- Diabetes. This is a bit of a catch 22, where both diabetes and periodontal disease are causes of the other. The American Diabetes Association (ADA) reports, “Emerging research also suggests that the relationship between serious gum disease and diabetes is two-way. Not only are people with diabetes more susceptible to serious gum disease, but serious gum disease may have the potential to affect blood glucose control and contribute to the progression of diabetes. Research suggests that people with diabetes are at higher risk for oral health problems, such as gingivitis (an early stage of gum disease) and periodontitis (serious gum disease). People with diabetes are at an increased risk for serious gum disease because they are generally more susceptible to bacterial infection, and have a decreased ability to fight bacteria that invade the gums.”
- Rheumatoid Arthritis. Periodontal disease is prevalent among rheumatoid arthritis (RA) sufferers, and the disease is said to trigger an autoimmune response in RA patients. It is suggested that both periodontal disease and RA have similar underlying pathogenic precursors. Individuals with RA have an increased likelihood of continued tooth loss, which is also a consequence of periodontal disease.
Nutritional Alternatives for Gum Disease
There is evidence that an insufficient intake of vitamin A, B1, C and E, iron, folate and phosphorous significantly exacerbates periodontal disease in adults age 30 and older. It is recommended that you identify foods which contain these nutrients in order to increase the intake of the above micronutrients to reduce the proliferation of gum disease.
- Tomatoes. Tomatoes are rich in lycopene and vitamin C. Some studies suggest that lycopene is a promising treatment for full mouth gum therapy in patients with moderate periodontal disease. Note that while tomatoes are excellent for both your oral and overall health, they are also very acidic. Be sure that you are brushing regularly, or that you rinse with some water, to rid your mouth of acidic juices from foods.
- Oil Pulling with natural oils. Oil pulling is an ancient technique has been used for centuries to keep the teeth and gums healthy. It uses oil to cleanse infected areas and help the gums heal. Take a tablespoon of sesame, coconut, or sunflower oil and swish it around your mouth for a couple minutes, focusing on the infected gum. Spit out, do not swallow, and rinse immediately with warm water. The National Library of Medicine (NCBI) concludes that, “Oil pulling is observed to bring improvement in oral hygiene when practiced correctly and regularly. Limited available research on effect of oil pulling on oral hygiene shows promising benefits of oil pulling procedure on oral cavity. However oil pulling does not replace dental therapy and is currently not recommended by American Dental Association (ADA).”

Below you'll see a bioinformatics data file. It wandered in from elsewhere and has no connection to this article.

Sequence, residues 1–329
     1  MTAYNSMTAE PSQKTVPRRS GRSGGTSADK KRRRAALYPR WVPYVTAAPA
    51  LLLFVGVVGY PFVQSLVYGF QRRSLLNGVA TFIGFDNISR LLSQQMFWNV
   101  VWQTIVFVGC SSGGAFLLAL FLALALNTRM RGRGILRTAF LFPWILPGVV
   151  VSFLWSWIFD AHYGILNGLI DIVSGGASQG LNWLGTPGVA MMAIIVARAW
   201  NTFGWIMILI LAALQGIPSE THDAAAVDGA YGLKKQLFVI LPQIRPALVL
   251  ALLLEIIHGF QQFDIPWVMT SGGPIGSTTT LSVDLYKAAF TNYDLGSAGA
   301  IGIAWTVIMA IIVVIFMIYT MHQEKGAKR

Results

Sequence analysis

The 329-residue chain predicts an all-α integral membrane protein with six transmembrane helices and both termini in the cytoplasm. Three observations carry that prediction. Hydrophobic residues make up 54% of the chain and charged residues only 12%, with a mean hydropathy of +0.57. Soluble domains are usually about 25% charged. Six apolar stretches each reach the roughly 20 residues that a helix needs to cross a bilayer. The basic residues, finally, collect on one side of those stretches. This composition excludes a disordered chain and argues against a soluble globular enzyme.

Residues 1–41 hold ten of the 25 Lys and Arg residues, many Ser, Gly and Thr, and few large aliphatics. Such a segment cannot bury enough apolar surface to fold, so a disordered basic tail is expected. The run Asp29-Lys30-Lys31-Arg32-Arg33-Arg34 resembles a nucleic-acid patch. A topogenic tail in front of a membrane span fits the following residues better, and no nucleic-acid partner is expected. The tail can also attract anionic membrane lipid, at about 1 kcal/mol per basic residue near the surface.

- Green leafy vegetables. Load up on leafy greens like spinach, arugula, kale, and collards to help combat gum inflammation. These vegetables are packed with vitamins A, C, and K and folate. As well as minerals like iron and calcium which are excellent for your chompers. They also require a fair amount of chewing to break down, which creates more saliva. Saliva produced from chewing helps neutralize mouth bacteria. Celery also offers this benefit.
- Fatty fish. Stock up on oily fish like salmon, mackerel, tuna, and sardines. These aquatic superheroes are rife with omega-3 fatty acids. “A diet low in carbohydrates, rich in Omega-3 fatty acids, rich in vitamins C and D, and rich in fibers can significantly reduce gingival and periodontal inflammation.”, assert the NCBI.
- Blueberries. Adding fruits like blueberries and cherries to your diet can help curb gum inflammation as well. Blueberries are loaded with helpful vitamins and minerals including copper, beta-carotene, folate, choline, vitamins A and E, and manganese. A new study conducted at Université Laval in Canada suggested found that an extract from blueberry bushes may be as effective in the treatment of gum disease as antibiotics.
Before starting to alter your diet for improved gum health, you may want to consider getting a nutrient test to make sure your body is receiving and absorbing the nutrients it needs to keep your gums in their healthiest state. The fact that you are eating healthily doesn’t necessarily mean that your body is getting the right amount of nutrients.
While a nutritional approach to improved oral health is always a beneficial habit to exercise, it is also highly recommended that you consult a competent dentist for routine checkups. It is also important to advocate for healthy oral hygiene regimes in both yourself and your family members. Being proactive is your first line of defense to avoiding further health complications.
Finally, using a periobiotic toothpaste can lead to better gum health. It is a specialized toothpaste, which reportedly has a probiotic that competes with the unhealthy strains of oral bacteria and helps maintain healthy gums.
Enjoy your healthy life!